The Videogame Equilibrium

It’s not that often that you find an article in a mainstream publication that discusses the videogame industry intelligently and thoughtfully. That’s why I found it a very pleasant surprise to read this article on Slate by N. Evan Van Zelfden discussing the reasons why the videogame industry is contracting. By and large, it’s nothing that nobody knew before, but it’s still good to see a non-niche publication point out to the greater world that the cost of development is just way too high.

I did learn a couple things from the article, though. One is that although GTA IV was a smash hit, Rockstar apparently thought it was going to be an even bigger hit and is actually in financial trouble because of that. Score one for Nintendo’s brand of conservative development. Van Zelfden also points out something I hadn’t thought of before which is that videogames aren’t really developed on the Hollywood system. Videogames are often developed by an in-house company wholly owned by the publisher distributing and marketing the game. Hollywood is different in that a studio will essentially hire a production company to produce one film and then the two parties have no further obligation to each other (until they decide to work together again for another project). There are lots of problems with Hollywood (did we really need another Underworld movie?), but there is a certain efficiency in this. If the movie business is contracting, studios simply don’t buy as much work or they buy cheaper work. Big publishers do not have that luxury. They have to keep their development teams working or else fire them. The vagaries of the business cycle thus become extremely cruel to individual game developers.

There’s another difference between videogames and movies: spending more money on videogames does create a better game, even if it’s only on technical terms. You can create a perfectly good, even blockbuster or award winning movie relatively cheaply. Your budget may be one-fifth of the typical blockbuster movie, but you will still have competent lighting, good cameras to work with and high quality music. These days, most small movie productions can even afford to buy some CGI. The rest of the movie production is up to the creative team, and the quality of their work cannot be increased just by throwing more money at them. Contrast this with the world of videogames where a minimum standard of graphical and sound quality has to be met before most videogame hobbyists will even give a game a second look. Right now, that minimum standard is very expensive. Costs will go down eventually, but by then, who know what other ways we’ll find to boost graphical quality?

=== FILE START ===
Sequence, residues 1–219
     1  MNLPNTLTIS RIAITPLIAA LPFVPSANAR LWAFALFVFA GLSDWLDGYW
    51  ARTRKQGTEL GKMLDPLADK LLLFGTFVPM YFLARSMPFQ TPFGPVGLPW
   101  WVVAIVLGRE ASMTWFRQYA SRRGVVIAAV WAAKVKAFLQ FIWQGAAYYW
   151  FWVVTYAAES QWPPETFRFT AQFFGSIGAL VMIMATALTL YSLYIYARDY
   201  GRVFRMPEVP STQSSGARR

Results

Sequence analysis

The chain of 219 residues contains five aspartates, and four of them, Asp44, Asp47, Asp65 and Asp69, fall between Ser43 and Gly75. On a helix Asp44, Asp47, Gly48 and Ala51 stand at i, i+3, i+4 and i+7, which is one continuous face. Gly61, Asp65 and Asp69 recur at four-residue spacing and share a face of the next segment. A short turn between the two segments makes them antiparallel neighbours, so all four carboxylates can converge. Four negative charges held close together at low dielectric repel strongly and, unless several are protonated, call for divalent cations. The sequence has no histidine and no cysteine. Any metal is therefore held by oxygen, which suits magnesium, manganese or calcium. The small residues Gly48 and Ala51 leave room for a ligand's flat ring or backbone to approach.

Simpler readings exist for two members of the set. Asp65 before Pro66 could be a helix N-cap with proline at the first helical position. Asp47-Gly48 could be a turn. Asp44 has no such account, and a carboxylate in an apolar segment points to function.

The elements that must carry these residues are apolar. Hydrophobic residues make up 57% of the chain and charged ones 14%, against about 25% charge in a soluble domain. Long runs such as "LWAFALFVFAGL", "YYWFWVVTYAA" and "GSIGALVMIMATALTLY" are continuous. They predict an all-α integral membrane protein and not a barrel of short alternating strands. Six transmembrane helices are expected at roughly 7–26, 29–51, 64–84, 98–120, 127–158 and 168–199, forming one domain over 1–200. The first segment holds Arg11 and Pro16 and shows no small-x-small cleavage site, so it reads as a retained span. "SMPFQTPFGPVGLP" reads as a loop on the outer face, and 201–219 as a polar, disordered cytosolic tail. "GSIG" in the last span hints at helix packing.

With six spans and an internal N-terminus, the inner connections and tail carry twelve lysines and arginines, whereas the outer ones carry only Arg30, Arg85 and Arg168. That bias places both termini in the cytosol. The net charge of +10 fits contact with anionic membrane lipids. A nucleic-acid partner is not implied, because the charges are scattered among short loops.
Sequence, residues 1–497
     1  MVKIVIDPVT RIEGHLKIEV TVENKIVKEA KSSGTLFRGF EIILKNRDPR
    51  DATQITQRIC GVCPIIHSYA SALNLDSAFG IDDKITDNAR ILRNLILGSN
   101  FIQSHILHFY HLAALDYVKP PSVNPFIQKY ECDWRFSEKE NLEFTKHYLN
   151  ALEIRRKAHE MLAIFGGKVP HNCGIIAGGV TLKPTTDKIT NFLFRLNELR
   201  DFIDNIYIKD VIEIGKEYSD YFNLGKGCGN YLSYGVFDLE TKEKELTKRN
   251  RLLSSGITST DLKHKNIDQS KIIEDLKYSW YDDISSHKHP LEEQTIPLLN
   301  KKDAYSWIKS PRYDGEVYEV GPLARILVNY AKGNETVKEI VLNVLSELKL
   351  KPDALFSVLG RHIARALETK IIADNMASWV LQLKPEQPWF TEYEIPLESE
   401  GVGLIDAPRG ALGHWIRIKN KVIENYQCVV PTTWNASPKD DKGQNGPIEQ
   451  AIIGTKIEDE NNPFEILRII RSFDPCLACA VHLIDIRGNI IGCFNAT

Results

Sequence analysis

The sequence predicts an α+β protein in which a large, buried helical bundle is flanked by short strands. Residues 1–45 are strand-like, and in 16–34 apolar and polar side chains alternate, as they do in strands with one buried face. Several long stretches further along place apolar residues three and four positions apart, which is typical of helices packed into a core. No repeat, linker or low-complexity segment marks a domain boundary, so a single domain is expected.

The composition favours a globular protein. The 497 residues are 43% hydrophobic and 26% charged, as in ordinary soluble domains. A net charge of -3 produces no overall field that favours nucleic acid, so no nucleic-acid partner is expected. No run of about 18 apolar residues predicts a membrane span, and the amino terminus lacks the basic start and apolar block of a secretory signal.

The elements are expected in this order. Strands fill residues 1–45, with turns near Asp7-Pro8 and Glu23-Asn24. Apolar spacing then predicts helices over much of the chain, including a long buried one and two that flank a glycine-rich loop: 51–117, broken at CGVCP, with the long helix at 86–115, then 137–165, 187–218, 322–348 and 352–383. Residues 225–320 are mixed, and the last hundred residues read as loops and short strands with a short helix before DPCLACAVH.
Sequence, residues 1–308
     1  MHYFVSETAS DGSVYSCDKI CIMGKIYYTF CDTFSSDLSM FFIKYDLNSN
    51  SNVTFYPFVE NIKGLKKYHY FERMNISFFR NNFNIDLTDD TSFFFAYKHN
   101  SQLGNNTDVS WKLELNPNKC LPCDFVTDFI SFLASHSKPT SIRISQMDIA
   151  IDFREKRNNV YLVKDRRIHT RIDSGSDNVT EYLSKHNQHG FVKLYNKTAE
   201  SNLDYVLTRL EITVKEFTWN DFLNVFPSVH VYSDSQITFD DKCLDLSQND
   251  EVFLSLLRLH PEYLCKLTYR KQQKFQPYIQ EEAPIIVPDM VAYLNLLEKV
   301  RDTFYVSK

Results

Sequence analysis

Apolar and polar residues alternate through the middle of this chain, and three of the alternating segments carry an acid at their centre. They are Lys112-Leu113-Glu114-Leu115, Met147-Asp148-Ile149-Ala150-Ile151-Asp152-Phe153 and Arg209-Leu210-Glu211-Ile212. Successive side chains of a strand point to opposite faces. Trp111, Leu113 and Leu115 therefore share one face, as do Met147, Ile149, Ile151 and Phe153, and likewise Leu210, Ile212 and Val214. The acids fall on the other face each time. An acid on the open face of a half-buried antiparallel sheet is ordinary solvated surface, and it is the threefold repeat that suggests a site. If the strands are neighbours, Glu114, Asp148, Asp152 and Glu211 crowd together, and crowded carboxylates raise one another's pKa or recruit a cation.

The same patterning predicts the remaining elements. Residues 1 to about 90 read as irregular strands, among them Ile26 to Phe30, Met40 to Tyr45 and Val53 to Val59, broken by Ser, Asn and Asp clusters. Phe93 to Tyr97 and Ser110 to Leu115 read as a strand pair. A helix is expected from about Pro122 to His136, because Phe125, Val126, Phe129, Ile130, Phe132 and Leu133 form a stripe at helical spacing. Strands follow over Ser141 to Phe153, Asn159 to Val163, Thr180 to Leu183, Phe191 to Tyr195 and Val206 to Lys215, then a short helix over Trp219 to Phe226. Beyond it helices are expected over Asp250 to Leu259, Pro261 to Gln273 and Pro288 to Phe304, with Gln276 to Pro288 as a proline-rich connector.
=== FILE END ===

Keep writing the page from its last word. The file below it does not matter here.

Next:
The other problem facing the videogame industry is that there is now way too much product out there. Even if you were a dedicated gamer and you limited yourself only to playing games that received a 90% or higher score on GameRankings, you would have a very hard time getting through everything that’s released in a year on all platforms (if you did do that, your social life would have very significant problems). Any given game’s chances of catching on are growing steadily slimmer as the core audience continues to get older and gain more and more life obligations. Which means the successful game is going to be the one that generates the most buzz, and that game is most likely to be one of the most expensive ones. The industry is trapped.

What we need is to reach a new balance. An equilibrium in the industry, if you will, in which gamers have come to accept and understand that a certain level of graphical quality is “good enough” and they can get on with enjoying the non-technical aspects of the game. And this equilibrium needs to be at such a point that developers can give it to us at a price that doesn’t break their backs. I don’t think we have reached that point, and we may not reach it for time. I also do not think the Wii provides us with that equilibrium. I like the Wii a lot, and I like the philosophy behind it. However, few will argue that it can’t stand to use a little more juice. My personal prediction is that when the graphical quality of higher end Xbox 360 or PS3 games can be produced cheaply and quickly, we will have reached that equilibrium where most people won’t try to nitpick the visuals and demand for things to look even better. The question is how long it will take for us to get there and what people in the industry will be doing until then.

I’m afraid that by this standard, though, we’re in for a very long and dark period in videogame development.